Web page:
Sunset in Milton Tuesday evening from viewer Claire Lawton
This week can be summed up with one word: nice. Not very technical, but fitting. Our extremely peaceful and enjoyable weather will stretch into at least Saturday, and it doesn’t take much to give you the details. Mostly sunny every day with highs in the 60s to near 70, chilly and mostly clear at night with temperatures in the 40s. Seriously, that’s it. So head on outside and enjoy! Those temperatures are pretty much in line with average for this part of the season, running just a couple below our average high of 70. (You can check the exact numbers on our 7-Day)
That being said, there are some hints that things could become more complicated by the end of the weekend and into early next week. So I’ll spend the time here to break down some of the possibilities!
First off, all of this discussion is coming about because the ECMWF (European) model is producing a pretty impressive coastal storm. Below is the ‘operational’ run of the model, which tends to do a very good job at forecasting the weather. It received a lot of press after successfully predicting the rare path of Hurricane Sandy last year (note – this possible storm would be absolutely nothing like Sandy).
Tuesday 12z ECMWF, showing coastal storm on Monday morning south of New England (Graphics from WeatherBell)
This storm system will have its origins in the Gulf of Mexico, where it will start to organize and gather moisture. Once drifting across the southeast and out into the open waters, the ECMWF is forecasting high pressure to the north of the system to help swing it back toward the coast, along with an approaching trough from the west helping to draw it in.
However, the fly in the ointment is that many other computer models do not agree with this. Here is a look at the GFS (U.S.) model. Out to sea! The GFS has a stronger area of high pressure, and places it farther to the east (with another decently area of high pressure to the west, giving it a channel to track more due northerly).
Tuesday 12z GFS model for Monday night – Graphics from WeatherBell
Another way to look at this is to take a peek at the ensembles. Ensembles take the operational run, and then ‘tweak’ variables in it to see what changes. You can think about the ensembles as a team. When a player is swapped out or its features are changed, the overall performance of the team changes. When you look at the GFS ensembles, pretty much every single one of them is out to sea. Meaning, with all the little tweaks here and there, the end result is still a miss for New England.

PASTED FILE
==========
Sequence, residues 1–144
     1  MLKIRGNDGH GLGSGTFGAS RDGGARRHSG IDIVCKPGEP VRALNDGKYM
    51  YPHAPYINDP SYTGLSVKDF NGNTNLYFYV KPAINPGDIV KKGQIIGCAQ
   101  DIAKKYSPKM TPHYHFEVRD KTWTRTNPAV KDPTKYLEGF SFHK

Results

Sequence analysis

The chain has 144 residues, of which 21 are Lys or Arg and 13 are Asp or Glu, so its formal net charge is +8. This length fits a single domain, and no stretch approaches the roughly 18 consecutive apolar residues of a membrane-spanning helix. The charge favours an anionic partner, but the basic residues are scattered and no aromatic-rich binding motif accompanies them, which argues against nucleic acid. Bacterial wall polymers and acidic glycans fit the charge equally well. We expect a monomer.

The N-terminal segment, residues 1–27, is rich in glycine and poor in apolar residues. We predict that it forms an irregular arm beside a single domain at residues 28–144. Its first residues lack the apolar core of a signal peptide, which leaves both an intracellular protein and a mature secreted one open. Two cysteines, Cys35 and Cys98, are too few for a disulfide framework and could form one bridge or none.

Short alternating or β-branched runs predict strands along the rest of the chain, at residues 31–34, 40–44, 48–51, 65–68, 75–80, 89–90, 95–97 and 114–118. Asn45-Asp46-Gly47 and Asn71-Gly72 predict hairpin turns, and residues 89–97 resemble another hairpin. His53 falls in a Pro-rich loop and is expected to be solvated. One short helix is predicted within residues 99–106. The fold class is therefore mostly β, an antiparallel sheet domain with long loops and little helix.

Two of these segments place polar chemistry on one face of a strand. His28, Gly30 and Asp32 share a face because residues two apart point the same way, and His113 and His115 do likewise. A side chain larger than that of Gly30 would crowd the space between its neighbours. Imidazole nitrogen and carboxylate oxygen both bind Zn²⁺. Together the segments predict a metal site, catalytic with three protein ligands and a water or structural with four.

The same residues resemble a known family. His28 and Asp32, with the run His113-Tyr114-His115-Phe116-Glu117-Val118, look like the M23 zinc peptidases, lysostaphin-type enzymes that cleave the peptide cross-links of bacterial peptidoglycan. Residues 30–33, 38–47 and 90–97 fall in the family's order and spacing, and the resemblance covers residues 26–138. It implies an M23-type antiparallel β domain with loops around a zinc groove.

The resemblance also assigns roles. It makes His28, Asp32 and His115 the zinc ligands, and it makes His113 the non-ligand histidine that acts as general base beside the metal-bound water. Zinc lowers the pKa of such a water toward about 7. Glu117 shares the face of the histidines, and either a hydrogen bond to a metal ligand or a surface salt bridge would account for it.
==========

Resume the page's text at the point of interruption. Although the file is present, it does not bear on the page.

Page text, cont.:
Tuesday 12z GFS ensemble MSLP anomalies for Monday, graphics from WeatherBell
And on top of that, the ECMWF ensembles are also much less bullish than its operational run (although they do still bring in rainfall to the Boston area)
The thing to note on this chart is the green/blue bar graph. The blue bars show the operational forecast, which is for a 1.7″ soaking of rain. But the green bars show the ensemble forecast, which is for a much lower 0.75″ of rainfall. The idea to take from this is that the ‘players’ of the ensemble team also lean more out to sea than toward the coast.
There are two things about the setup that I find pretty interesting. One is that the NAO (North Atlantic Oscillation) is extremely negative right now. Typically, that’s one indicator of an increased storm risk for the Northeast. Storms especially tend to form when the NAO is changing, as it will be around Monday. The forecast takes it back in a more (+) direction around Monday/Tuesday.
Also – the ECMWF has been good at ‘sniffing out’ odd pattern changes or shifts in storm track in recent history. So even though it’s an outlier right now, it raises a red flag that we should pay attention to.
When it comes down to it, this isn’t likely going to be an extremely serious weather event we have to watch out for. It’s just the only game in town! Even if the ECMWF is right, it would lead to a good old fashioned nor’easter type of day on Monday (with clouds rolling in by the second half of Sunday). That means some gusty winds, heavy rainfall, and increased tides (good news on tides is that they will be near the astronomical low point). It may also be a hybrid storm, which would have tropical origins but would likely be transitioning to an extra-tropical cyclone when it gets to our area.
I don’t think it would produce anything freaky, like a Snowtober type event or a damaging tropical event. But we’ll be keeping a close eye on it since it’s the only chance for rain over the next 10 days, and could certainly create some generally nasty weather to start next week. Forecast for now says ‘Increasing clouds late Sunday/Monday, with a gusty onshore flow and cool temperatures.’